Moreover, had Romano read Stoppard's own essay, published in the very Lincoln Center Theater Review available to all who attend Coast, he would have seen Turgenev's significance: "But it is Turgenev who brings us closest to the world of the nineteenth century Russian intelligentsia, and, moreover, his A Sportsman's Sketches was plausibly said to have done more than anything else to turn the 'Reforming Tsar' Alexander II toward abolishing serfdom. Perhaps it is the artist, after all, rather than the three publicists of genius [Herzen, Bakunin and Belinsky], who is the true hero of The Coast of Utopia."
In addition, it was Turgenev's novel, Fathers and Sons, that introduced the character Bazarov, a nihilist who rejects "everything that cannot be established by the rational methods of natural science" including "literature and philosophy, the beauty of art and the beauty of nature, tradition and authority, religion and intuition." [Russian Thinkers, p. 277] Bazarov shows up in Part III of Stoppard's play as the Doctor.
Worse than these omissions by Romano, however, is his failure to examine, let alone critique, Mr. Stoppard's treatment of those individuals and their ideas. Which is to say that readers of Romano's review will find no mention of the great 20th century British thinker, Isaiah Berlin, and his influence on Mr. Stoppard's interpretation of 19th century Russian intellectual history. Romano's failure is significant, if only because Stoppard himself has asserted: "We should talk a little about Isaiah Berlin, because he is the presiding spirit of the trilogy."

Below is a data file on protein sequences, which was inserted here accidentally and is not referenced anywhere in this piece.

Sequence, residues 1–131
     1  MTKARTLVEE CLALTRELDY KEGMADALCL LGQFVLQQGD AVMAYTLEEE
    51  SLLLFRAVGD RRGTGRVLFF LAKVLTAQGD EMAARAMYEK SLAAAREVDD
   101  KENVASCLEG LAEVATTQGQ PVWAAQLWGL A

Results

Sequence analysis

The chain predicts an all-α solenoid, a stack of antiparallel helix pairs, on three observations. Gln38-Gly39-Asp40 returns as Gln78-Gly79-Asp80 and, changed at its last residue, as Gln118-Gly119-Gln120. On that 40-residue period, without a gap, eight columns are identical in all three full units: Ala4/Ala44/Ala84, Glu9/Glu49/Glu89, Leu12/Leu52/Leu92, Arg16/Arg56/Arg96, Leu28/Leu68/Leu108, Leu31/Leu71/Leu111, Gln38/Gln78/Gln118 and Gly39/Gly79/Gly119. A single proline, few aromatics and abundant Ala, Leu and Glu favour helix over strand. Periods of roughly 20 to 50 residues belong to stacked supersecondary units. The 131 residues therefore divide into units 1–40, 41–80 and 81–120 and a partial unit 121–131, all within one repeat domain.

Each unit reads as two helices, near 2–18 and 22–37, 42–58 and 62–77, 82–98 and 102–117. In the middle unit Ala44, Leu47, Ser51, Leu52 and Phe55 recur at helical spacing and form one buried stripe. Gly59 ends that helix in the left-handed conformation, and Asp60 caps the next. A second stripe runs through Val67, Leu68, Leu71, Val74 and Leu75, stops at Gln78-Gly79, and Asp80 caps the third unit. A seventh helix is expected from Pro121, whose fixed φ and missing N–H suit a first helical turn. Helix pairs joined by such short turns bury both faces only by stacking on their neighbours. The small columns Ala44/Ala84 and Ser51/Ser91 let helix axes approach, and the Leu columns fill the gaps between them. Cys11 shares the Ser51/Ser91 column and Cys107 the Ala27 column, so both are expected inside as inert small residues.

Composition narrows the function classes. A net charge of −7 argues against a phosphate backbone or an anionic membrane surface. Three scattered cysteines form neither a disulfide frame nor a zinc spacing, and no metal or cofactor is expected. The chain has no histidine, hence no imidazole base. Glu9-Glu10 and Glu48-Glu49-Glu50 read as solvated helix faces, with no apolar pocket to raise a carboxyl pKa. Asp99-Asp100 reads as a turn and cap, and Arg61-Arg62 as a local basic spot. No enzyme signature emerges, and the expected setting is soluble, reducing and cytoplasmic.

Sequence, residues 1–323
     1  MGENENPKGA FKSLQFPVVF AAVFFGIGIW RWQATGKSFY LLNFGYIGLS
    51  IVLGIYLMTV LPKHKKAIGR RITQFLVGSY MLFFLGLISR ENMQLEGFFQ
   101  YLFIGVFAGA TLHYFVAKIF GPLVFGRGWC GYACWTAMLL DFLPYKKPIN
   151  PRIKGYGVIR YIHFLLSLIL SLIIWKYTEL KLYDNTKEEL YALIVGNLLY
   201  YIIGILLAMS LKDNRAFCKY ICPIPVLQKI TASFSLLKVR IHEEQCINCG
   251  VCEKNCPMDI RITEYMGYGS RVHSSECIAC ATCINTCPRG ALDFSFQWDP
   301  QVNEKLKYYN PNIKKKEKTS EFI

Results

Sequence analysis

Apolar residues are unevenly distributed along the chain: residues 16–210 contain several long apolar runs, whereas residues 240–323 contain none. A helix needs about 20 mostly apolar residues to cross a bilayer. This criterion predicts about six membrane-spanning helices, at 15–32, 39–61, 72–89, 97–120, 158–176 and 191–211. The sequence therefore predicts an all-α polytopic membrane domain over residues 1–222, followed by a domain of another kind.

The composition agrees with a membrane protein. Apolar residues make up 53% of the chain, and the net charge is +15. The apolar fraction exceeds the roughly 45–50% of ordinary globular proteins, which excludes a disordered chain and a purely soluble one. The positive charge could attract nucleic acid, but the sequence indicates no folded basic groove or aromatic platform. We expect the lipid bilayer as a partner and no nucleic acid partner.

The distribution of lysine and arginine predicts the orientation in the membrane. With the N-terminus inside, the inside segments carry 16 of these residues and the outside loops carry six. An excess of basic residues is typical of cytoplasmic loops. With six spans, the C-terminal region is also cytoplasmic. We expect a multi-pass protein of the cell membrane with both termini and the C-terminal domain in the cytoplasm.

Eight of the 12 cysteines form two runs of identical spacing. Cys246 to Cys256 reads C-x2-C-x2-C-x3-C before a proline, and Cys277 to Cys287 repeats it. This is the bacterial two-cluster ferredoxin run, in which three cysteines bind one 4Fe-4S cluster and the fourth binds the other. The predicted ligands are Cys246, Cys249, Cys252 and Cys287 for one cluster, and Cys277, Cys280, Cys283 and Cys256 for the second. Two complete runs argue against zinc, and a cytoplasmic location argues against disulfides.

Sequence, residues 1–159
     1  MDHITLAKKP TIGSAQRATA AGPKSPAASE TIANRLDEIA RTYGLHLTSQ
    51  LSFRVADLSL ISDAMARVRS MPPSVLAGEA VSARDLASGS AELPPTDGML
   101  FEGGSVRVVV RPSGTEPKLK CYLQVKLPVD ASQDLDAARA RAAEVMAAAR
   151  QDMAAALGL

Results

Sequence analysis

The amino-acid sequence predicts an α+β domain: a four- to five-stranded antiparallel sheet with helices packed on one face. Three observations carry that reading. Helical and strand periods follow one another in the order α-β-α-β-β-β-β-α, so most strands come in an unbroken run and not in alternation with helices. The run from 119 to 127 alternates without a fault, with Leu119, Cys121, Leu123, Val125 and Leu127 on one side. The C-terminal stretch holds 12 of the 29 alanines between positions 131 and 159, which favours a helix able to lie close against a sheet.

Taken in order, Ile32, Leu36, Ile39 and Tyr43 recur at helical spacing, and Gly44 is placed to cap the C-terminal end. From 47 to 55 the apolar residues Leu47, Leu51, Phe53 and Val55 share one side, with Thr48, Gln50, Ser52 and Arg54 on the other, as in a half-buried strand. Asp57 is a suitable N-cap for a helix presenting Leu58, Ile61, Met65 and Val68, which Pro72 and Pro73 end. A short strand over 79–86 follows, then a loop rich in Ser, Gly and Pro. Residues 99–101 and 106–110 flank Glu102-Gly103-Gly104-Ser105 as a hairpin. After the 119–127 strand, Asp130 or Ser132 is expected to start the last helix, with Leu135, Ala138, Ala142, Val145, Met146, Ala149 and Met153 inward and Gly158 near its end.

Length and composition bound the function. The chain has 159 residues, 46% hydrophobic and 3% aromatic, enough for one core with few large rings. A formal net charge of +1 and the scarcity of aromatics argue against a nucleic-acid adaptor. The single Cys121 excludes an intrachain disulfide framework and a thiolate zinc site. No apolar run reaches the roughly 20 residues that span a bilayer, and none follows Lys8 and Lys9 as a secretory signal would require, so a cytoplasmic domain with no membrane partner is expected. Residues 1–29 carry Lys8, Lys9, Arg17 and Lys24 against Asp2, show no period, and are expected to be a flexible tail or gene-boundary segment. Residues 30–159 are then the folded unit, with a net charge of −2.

It was Berlin's belief that "the ordinary resources of empirical observation and ordinary human knowledge give us no warrant for supposing that all good things are reconcilable with each other," which influenced both his philosophy of liberty and tragedy, as well as his critique of utopianism. Having agreed to write a book about Karl Marx, Berlin came across the memoirs of Alexander Herzen. According to Stoppard, Berlin "started to read it there and then. It changed his career, his life."
It was Berlin's book, Russian Thinkers, that prompted Stoppard to write The Coast of Utopia."*** And, when one reads Berlin's qualified praise of Herzen, it's easy to see how he became central to Stoppard's three plays: "Herzen does at least face genuine political problems, such as the incompatibility of unlimited personal liberty with either social equality, or the minimum of social organization and authority; the need to sail precariously between the Scylla of individualist 'atomization' and the Charybdis of collectivist oppression; the sad disparity and conflict between many, equally noble human ideals; the nonexistence of 'objective,' eternal, universal moral and political standards, to justify either coercion or resistance to it; the mirage of distant ends, and the impossibility of doing wholly without them." [Russian Thinkers, p. 105]